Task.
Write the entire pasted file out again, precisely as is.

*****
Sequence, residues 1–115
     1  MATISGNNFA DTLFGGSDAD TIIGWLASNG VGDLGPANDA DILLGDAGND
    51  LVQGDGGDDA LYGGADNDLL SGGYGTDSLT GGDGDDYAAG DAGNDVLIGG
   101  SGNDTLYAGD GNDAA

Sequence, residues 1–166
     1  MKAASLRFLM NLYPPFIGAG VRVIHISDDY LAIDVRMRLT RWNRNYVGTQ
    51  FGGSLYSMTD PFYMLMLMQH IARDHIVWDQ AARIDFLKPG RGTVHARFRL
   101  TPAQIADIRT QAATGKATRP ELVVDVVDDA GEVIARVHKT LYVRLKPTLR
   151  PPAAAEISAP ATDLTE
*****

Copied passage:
Sequence, residues 1–115
     1  MATISGNNFA DTLFGGSDAD TIIGWLASNG VGDLGPANDA DILLGDAGND
    51  LVQGDGGDDA LYGGADNDLL SGGYGTDSLT GGDGDDYAAG DAGNDVLIGG
   101  SGNDTLYAGD GNDAA

Sequence, residues 1–166
     1  MKAASLRFLM NLYPPFIGAG VRVIHISDDY LAIDVRMRLT RWNRNYVGTQ
    51  FGGSLYSMTD PFYMLMLMQH IARDHIVWDQ AARIDFLKPG RGTVHARFRL
   101  TPAQIADIRT QAATGKATRP ELVVDVVDDA GEVIARVHKT LYVRLKPTLR
   151  PPAAAEISAP ATDLTE